GSTR 332 Scientific Knowledge& Inquiry

Prerequisites: Practical Reasoning with Quantitative Emphasis (PRQ) and sophomore standing

Offered: Typically Fall and Spring terms

This course invites students to explore a variety of scientific disciplines in order to understand what science is, does, and tells us about the natural world around us. Employing an integrative approach to the natural sciences, the course emphasizes the historical development of laws, models, and theories, as well as basic scientific literacy important to contemporary concerns. Each section of the course includes inquiry-based learning (laboratory) experiences. NOTE: See the 'General Education Program' section of this publication for an alternate way to meet this requirement by taking two approved courses, at least one of which must be a laboratory course. 1 Course Credit

Students who successfully complete GSTR 332 will be able to:

  1. Articulate the basic facts, the historical development, and the evidence supporting our current conception of:
    1. big bang cosmology;
    2. motion and energy;
    3. atomic and molecular structure;
    4. radioactivity;
    5. organic evolution;
    6. the age of the Earth;
    7. plate tectonics.
  2. Describe experiences with:
    1. the dynamic nature of science; that science progresses by substituting one explanation of natural phenomena with a more accurate explanation;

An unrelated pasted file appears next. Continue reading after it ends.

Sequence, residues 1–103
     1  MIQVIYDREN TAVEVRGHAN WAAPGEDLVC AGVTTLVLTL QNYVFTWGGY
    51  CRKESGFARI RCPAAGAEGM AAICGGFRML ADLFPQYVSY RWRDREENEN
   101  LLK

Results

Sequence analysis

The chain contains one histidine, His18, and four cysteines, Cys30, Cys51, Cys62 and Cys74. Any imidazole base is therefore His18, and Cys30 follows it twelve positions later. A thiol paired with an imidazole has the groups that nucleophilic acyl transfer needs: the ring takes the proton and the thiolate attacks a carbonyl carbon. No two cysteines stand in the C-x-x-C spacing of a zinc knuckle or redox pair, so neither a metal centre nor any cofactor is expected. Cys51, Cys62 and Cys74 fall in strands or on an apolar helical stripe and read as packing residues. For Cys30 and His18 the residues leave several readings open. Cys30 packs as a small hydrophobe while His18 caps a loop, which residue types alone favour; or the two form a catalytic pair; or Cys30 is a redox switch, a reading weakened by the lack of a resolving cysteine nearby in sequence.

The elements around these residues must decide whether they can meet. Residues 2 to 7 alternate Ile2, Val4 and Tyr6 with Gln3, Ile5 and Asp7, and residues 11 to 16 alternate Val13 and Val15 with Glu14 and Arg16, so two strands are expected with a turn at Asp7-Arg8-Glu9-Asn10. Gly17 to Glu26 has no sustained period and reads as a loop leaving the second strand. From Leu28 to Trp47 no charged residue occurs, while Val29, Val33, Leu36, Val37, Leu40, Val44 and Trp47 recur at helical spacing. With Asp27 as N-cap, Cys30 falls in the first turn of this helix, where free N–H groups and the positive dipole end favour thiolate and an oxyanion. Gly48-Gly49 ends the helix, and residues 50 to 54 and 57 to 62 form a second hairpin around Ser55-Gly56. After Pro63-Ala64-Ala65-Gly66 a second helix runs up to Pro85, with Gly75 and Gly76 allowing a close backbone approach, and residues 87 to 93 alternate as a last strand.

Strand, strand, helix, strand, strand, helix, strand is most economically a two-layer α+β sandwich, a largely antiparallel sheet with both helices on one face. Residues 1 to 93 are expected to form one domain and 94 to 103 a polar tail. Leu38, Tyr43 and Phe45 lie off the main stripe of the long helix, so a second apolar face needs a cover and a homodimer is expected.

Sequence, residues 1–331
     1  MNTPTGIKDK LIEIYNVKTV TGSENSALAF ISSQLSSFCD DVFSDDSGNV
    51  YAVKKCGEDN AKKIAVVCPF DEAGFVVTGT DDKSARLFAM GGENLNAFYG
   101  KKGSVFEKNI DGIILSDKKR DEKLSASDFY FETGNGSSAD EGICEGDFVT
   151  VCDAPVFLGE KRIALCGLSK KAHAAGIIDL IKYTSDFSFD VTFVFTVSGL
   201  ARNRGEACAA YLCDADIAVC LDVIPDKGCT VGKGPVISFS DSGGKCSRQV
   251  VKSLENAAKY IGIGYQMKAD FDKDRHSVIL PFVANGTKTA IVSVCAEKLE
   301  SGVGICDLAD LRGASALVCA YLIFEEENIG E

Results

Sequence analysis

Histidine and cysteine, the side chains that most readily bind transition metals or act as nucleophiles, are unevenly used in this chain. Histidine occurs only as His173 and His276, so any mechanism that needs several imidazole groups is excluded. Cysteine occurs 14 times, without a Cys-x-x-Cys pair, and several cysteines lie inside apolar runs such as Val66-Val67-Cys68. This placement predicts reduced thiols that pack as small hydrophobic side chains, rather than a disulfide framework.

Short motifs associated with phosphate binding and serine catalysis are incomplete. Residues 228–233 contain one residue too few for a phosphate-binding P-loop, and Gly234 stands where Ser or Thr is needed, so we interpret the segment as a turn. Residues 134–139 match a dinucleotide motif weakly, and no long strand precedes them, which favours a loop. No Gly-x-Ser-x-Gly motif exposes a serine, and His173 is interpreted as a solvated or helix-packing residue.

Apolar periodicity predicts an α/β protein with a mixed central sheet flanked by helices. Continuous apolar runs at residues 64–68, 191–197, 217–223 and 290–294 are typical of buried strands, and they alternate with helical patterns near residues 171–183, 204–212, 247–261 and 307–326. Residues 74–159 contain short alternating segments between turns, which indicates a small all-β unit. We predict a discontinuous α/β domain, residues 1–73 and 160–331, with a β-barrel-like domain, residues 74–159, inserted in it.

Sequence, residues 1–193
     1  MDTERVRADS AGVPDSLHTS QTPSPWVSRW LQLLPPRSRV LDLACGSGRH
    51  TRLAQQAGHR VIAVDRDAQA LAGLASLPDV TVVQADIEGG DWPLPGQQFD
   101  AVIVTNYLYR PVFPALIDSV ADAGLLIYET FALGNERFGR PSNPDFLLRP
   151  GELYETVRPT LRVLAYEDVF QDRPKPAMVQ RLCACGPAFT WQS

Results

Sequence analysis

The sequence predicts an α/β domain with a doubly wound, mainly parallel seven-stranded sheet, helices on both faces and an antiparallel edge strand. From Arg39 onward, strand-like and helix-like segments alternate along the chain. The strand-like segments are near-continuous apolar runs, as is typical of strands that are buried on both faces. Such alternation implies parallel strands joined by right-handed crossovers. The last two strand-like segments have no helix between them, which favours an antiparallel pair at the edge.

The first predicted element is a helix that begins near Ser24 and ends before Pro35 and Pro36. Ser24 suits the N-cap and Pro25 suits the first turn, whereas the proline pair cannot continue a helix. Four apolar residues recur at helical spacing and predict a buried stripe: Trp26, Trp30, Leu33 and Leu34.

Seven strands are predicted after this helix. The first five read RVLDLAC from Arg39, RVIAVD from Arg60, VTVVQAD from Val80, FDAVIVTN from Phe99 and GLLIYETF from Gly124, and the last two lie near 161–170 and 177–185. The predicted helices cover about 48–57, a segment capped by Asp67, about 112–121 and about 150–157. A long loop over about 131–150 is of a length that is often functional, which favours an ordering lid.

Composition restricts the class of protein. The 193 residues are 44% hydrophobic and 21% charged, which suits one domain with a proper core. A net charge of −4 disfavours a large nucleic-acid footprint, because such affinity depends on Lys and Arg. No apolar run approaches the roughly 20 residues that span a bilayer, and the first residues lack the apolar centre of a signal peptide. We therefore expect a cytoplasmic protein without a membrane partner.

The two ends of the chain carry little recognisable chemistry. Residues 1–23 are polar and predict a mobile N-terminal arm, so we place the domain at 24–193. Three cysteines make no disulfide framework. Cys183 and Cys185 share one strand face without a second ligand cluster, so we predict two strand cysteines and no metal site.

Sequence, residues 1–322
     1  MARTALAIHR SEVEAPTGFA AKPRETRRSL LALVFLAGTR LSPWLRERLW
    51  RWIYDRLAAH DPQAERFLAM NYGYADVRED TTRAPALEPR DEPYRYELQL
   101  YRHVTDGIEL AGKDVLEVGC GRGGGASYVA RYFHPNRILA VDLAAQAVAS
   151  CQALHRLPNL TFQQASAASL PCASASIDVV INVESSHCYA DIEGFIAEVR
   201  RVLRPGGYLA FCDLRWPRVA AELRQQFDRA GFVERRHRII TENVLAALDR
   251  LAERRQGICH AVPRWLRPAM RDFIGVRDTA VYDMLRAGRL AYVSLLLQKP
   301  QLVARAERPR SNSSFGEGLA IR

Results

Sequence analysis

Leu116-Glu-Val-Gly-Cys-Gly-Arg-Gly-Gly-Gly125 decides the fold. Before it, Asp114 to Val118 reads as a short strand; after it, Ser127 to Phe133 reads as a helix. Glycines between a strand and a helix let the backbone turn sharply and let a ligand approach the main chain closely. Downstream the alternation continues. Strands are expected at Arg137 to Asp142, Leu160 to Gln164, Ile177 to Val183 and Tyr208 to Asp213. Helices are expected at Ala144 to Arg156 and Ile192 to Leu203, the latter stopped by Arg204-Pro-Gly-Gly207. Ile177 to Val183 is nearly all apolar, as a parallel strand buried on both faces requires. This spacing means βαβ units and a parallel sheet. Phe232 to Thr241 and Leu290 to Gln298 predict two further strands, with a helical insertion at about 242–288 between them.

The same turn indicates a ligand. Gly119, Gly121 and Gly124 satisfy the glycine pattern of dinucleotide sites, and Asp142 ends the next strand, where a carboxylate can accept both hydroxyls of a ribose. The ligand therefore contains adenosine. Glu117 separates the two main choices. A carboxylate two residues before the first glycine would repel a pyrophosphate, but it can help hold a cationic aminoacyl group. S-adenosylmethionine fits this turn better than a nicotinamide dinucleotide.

2. the roles of facts, models, laws, hypotheses and theories in the process of science; that good scientific explanations not only describe what is known about the natural world, but make accurate predictions about phenomena that are yet to be encountered;
    3. the roles and value of careful observation, practical reasoning, quantitative skills, and creativity in conducting scientific inquiries and constructing scientific knowledge;
    4. the scientific method as a form of practical reasoning that can be used successfully in other areas of inquiry.
  3. Use quantitative skills to:
    1. support qualitative hypotheses;
    2. recognize, interpret, and extract information displayed in graphs and tables;
    3. recognize when numerical results do not make sense.
  4. Examine and critique current real world situations and problems using basic scientific information from astronomy, physics, chemistry, biology, and geology.
  5. Appreciate the value of scientific inquiry, and adopt a positive attitude about science, including a willingness to continue learning about scientific topics after the course has ended.


1 Course Credit